Supporting the ambulance service
BSc (Hons) Paramedic Science was the first course in the region and one of the first in the UK to reach a position where eligible students could be enrolled onto the Health and Care Professions Council’s temporary register, meaning they can apply for posts as Newly Qualified Paramedics (NQPs). Many members of staff are also doing extra shifts to support the ambulance service.
“The ambulance service is already feeling the impact of the virus and very keen for our students to start. We felt it was our moral responsibility to make this happen as quickly as possible, for those who are willing and able to go forward into work straightaway. From day one they will be doing difficult work and having to take tough decisions. They will have our support, and they will have all the appropriate support from the service. I think all of us, students and staff can be proud that we’re doing our bit to help the NHS.”
Matt Griggs, Programme Leader and Lecturer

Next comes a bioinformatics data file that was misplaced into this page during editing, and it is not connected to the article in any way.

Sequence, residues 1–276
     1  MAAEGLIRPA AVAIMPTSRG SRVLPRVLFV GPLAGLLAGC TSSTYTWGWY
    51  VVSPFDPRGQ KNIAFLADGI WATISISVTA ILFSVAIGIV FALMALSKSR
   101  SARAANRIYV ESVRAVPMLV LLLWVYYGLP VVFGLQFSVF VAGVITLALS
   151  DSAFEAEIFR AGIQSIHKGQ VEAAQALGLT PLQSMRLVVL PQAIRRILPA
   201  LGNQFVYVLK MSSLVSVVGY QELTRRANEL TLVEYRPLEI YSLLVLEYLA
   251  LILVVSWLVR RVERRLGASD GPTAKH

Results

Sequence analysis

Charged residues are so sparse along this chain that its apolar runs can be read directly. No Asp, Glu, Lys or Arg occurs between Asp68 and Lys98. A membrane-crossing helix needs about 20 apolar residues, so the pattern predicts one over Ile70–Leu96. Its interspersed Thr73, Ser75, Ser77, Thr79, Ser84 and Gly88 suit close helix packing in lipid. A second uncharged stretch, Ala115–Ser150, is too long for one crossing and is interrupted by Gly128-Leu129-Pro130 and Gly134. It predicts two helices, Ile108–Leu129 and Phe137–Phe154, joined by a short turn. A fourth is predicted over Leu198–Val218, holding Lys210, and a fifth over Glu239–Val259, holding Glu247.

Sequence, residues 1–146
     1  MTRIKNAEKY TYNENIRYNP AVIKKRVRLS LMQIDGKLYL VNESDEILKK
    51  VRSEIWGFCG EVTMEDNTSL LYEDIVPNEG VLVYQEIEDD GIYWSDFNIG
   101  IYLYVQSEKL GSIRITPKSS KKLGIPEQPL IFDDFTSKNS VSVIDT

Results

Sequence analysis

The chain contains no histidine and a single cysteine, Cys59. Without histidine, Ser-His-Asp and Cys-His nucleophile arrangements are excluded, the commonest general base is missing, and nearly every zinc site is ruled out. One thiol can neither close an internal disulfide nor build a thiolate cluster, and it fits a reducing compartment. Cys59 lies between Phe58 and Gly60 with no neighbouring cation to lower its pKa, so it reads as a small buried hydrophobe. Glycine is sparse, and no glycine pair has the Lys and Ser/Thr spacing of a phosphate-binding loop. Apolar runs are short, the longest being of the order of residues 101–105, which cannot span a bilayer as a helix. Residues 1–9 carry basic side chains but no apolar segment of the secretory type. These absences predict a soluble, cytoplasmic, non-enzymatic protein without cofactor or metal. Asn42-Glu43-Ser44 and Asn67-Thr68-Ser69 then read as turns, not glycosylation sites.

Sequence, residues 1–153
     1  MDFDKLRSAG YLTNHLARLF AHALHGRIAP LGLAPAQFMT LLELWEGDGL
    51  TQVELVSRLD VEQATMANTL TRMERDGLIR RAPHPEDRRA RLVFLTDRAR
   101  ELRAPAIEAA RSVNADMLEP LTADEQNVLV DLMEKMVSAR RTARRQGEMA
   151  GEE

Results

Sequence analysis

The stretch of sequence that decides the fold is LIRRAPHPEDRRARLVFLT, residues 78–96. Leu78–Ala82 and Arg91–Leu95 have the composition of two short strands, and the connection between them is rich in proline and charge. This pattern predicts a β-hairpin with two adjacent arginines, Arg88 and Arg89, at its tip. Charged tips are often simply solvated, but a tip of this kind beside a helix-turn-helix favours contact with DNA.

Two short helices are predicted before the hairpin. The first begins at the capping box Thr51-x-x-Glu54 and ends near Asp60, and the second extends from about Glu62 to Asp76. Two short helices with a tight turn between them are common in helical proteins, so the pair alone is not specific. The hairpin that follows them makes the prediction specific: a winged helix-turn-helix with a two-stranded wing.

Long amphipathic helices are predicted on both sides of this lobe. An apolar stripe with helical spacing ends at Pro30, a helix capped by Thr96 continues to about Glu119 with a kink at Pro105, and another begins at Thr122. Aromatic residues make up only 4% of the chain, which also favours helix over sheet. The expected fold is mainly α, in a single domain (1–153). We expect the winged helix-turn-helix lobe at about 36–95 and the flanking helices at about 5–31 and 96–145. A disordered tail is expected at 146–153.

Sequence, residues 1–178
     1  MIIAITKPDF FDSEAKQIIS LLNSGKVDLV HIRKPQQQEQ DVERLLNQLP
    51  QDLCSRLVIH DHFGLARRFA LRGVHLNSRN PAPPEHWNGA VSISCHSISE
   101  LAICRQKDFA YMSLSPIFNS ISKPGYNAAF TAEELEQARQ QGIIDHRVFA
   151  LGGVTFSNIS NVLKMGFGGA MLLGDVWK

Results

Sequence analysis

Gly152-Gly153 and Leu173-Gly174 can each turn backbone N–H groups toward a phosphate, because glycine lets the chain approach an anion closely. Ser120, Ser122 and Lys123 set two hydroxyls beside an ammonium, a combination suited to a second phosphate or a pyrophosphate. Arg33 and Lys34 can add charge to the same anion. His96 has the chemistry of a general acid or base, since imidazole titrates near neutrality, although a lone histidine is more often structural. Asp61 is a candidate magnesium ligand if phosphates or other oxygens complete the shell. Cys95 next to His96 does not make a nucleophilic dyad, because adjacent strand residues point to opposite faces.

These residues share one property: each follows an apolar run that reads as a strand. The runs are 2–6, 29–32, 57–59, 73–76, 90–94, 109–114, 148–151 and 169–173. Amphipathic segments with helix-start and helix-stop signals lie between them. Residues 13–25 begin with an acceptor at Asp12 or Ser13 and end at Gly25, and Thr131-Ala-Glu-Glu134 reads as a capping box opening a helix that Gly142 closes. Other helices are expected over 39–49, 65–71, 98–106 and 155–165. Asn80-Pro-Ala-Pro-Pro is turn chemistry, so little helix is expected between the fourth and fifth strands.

crisis: student nurse volunteers at Royal Devon and
Exeter Nightingale Hospital show courage and commitment
nurses at the University of Plymouth's School of Nursing and Midwifery have
been at the forefront of the response to the COVID-19 pandemic in
placements and in paid and volunteer roles. Exeter School of Nursing has
close links with local placement providers, including the Royal Devon
and Exeter Foundation NHS Trust (RD&E).
Some of the students who volunteered to care for COVID-19 patients at the RD&E’s Exeter Nightingale Hospital
Our staff are returning to the front line
Our academics from across the faculty are taking on extra work in the NHS and in some cases, returning to the front line after working full-time in academia. The University has a large number of clinical academics who work both in teaching or research, and in an NHS Trust role.
Peninsula Dental School and Peninsula Dental Social Enterprise have seconded staff to help provide emergency care to COVID-19 positive or symptomatic patients, as well as a public health dentist to support the Public Health England Southwest Infection Control Incident Cell.
“I couldn't sit at home when my knowledge and skills could help others and support existing teams.”
Professor Bridie Kent, Professor of Leadership Nursing, is now working as a registered nurse in the Intensive Care Unit at Derriford Hospital.
Read how Bridie and Associate Professor Pam Nelmes have returned to practice to provide critical care for COVID-19 patients.
Delivering training to NHS staff